pratt_interview6aHelping Art is 2nd Cook Carrie Mortell, who has been with NOAA one year in August. Carrie’s experience is with a fishing boat in Alaska. She used to fish for Salmon in the summer and Black Cod and Halibut in the spring and fall. She loved the excitement of being out at sea on a 40 ft. Power Troller. At that time she lived in Prince Wales, Alaska. She enjoyed Alaska because she was surrounded by water and saw plenty of deer, moose and even bear.  She came to work for NOAA because she really likes being on the water, and is looking at either Alaska or Hawaii as her home port.  Her life on the McARTHUR II is very busy.  She needs to be at work at 5 am and finishes her day between 6-6:30 pm.  She likes the fast paced work on the McARTHUR and during her time off she likes to read, relax, exercise and play cards, Carrie along with Art prepare 3 meals per day, along with a morning snack.  Her favorite thing to bake is desserts and her favorite fish to eat is King Salmon, which she states is high in Omega-3.  Carrie’s having fun working for NOAA.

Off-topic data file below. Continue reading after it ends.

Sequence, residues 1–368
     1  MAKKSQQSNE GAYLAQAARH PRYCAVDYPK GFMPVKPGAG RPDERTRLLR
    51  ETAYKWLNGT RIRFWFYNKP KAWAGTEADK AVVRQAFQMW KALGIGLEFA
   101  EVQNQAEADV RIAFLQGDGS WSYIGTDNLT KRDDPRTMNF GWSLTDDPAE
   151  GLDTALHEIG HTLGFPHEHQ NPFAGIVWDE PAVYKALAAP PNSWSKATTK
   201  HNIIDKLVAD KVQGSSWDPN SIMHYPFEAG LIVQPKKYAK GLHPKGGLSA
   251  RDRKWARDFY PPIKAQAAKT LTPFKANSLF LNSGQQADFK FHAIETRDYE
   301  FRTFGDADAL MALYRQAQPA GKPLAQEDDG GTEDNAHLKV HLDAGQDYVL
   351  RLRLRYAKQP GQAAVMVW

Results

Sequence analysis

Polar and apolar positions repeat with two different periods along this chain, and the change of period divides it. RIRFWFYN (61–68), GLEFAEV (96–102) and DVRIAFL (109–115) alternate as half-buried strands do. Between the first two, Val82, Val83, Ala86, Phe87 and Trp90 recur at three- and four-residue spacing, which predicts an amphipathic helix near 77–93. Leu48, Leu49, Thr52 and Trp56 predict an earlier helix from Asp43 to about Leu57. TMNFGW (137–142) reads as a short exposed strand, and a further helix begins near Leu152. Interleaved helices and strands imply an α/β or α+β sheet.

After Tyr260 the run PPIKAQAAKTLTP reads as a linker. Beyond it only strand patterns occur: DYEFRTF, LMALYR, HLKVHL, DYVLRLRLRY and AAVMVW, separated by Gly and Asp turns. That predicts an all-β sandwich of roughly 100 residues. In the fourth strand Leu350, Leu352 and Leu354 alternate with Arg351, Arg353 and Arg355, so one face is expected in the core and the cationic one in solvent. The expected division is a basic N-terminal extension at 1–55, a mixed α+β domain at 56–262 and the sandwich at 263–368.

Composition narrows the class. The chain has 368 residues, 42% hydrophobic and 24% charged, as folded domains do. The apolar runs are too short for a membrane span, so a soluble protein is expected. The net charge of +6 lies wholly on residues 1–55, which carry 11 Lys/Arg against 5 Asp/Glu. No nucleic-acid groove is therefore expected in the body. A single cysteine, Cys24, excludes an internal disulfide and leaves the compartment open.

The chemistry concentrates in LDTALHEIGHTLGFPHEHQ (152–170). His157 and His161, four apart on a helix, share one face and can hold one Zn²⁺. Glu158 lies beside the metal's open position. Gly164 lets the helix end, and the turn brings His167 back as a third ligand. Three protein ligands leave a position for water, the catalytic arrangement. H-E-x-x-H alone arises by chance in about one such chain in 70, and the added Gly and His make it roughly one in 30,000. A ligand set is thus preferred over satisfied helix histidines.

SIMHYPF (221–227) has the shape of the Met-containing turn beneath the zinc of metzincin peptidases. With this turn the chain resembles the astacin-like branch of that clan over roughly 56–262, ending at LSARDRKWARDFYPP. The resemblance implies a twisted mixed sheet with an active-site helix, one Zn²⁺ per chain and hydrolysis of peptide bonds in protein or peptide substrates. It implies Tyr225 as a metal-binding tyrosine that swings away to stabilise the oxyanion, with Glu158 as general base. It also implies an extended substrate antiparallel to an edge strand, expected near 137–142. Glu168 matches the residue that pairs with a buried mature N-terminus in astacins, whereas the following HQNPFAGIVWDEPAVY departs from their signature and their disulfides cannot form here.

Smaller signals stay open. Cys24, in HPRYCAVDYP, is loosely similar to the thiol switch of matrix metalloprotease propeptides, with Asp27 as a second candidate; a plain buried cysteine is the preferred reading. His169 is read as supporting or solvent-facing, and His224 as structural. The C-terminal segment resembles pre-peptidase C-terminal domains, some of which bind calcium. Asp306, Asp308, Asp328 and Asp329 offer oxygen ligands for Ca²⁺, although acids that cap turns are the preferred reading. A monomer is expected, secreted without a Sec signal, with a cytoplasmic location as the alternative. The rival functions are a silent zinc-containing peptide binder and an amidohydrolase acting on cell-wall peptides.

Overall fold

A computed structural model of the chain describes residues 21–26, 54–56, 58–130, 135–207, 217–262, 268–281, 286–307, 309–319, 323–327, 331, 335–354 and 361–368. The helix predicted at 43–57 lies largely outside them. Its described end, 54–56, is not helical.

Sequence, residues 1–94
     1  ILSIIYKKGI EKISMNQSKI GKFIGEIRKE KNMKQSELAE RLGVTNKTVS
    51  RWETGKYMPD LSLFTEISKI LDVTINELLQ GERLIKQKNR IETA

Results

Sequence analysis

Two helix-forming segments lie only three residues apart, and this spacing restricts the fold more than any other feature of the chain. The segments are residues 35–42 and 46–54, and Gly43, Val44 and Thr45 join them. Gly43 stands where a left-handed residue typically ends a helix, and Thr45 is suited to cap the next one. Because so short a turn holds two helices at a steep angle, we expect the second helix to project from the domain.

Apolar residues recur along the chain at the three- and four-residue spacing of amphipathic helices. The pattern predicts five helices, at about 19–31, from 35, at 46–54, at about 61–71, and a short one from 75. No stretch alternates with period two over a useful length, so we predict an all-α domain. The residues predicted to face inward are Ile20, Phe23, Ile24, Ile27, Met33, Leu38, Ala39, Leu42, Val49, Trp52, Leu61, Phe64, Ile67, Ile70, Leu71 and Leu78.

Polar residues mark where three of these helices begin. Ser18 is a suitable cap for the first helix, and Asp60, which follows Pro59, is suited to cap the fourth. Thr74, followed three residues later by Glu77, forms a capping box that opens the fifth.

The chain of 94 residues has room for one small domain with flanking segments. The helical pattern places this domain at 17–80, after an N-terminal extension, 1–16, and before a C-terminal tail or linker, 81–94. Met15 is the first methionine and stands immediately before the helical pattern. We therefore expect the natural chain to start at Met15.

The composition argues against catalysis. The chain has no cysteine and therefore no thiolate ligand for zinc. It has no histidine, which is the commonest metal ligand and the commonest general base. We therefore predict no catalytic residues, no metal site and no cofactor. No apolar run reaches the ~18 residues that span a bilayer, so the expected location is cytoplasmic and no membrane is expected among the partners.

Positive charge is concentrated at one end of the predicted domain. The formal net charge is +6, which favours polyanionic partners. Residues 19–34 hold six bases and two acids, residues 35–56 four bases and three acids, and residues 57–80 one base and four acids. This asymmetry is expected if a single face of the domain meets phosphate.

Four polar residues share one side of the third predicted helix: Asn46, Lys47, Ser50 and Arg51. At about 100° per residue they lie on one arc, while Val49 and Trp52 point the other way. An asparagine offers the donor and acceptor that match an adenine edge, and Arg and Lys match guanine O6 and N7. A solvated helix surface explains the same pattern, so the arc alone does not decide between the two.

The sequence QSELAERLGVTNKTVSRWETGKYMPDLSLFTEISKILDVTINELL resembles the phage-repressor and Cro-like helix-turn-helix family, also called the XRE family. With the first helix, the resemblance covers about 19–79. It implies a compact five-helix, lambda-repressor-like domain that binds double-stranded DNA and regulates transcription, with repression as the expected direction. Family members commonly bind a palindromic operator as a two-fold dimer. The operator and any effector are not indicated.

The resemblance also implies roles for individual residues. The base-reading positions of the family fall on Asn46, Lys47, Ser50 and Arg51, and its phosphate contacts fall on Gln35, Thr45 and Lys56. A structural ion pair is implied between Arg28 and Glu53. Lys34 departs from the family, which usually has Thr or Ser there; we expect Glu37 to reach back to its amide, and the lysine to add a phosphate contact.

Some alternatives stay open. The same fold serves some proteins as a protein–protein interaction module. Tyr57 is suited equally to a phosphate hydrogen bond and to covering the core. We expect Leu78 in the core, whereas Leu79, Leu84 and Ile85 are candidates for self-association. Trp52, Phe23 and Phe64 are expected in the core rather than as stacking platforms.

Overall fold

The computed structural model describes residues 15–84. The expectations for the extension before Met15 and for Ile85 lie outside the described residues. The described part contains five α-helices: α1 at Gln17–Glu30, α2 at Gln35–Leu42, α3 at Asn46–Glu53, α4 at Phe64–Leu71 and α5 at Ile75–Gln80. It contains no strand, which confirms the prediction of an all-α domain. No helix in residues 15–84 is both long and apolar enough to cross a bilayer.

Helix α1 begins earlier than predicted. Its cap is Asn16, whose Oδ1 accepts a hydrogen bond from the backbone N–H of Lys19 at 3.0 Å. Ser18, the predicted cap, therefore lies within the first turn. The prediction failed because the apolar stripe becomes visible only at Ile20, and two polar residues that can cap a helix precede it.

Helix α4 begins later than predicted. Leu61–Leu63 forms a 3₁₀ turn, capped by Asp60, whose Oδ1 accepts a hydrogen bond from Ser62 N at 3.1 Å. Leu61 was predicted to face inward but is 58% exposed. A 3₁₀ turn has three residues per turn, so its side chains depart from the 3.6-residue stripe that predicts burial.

Kimberly Pratt, July 10, 2005

NOAA Teacher at Sea
Kimberly Pratt
Onboard NOAA Ship McArthur II
July 2 – 24, 2005

Jay Prueher
Jay Prueher

Mission: Ecosystem Wildlife Survey
Geographical Area: Pacific Northwest
Date: July 10, 2005

Crew Interviews: Interview with the Engineering Dept.

The Engineering Department onboard the McARTHUR II is really amazing.  They are responsible for many of the operations on board.  They maintain and operate the 4 generators that provide all the electricity.  One generator can power 10, 075 light bulbs!  The electric/diesel engine has 3400 HP and consumes 2,850 gallons of fuel a day.  The ship that was built in 1984 was originally a Navy spy ship, spying on submarines.  The ship also makes its own water by taking in sea water, boiling it, letting it evaporate, treating it, and then it can be used by everyone on the ship.  The ship processes approx. 2400 gallons of water and 2200 gallons are used, so a 2 day reserve is kept on board.  The ship also has a machine shop to fix or create parts that my break down while out at sea.  The ship has two propellers and its top speed is 11.5 knots.

Luke Staiger, Jim Reed
Luke Staiger, Jim Reed